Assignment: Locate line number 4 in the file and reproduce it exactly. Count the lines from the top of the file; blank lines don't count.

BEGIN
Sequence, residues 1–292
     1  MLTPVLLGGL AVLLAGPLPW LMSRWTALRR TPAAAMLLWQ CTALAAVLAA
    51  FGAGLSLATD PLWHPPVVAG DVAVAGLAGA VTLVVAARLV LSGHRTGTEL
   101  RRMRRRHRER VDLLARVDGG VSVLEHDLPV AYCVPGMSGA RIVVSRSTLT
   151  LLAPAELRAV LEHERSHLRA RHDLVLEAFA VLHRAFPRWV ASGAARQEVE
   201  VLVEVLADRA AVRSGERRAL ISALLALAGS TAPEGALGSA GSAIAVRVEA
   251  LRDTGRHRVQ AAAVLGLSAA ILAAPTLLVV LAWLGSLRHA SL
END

   101  RRMRRRHRER VDLLARVDGG VSVLEHDLPV AYCVPGMSGA RIVVSRSTLT